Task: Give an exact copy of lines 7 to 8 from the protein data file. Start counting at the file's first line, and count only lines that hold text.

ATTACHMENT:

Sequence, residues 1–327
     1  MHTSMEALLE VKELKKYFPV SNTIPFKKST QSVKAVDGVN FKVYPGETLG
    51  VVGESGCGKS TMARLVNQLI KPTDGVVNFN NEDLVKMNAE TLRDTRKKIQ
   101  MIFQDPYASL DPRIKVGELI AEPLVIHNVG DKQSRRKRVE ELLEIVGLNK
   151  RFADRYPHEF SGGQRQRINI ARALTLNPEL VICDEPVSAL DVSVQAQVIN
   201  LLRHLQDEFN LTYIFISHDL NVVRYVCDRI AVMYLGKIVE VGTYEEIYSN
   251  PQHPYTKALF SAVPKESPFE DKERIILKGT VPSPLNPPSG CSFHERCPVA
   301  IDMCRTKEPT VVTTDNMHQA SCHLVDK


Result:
   251  PQHPYTKALF SAVPKESPFE DKERIILKGT VPSPLNPPSG CSFHERCPVA
   301  IDMCRTKEPT VVTTDNMHQA SCHLVDK